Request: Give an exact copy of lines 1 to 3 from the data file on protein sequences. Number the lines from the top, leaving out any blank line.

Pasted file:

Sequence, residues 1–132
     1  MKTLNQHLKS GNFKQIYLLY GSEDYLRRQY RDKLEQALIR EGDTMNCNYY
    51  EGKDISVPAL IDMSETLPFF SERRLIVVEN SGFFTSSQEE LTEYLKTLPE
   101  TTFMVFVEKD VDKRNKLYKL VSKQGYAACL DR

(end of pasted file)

Sequence, residues 1–132
     1  MKTLNQHLKS GNFKQIYLLY GSEDYLRRQY RDKLEQALIR EGDTMNCNYY
    51  EGKDISVPAL IDMSETLPFF SERRLIVVEN SGFFTSSQEE LTEYLKTLPE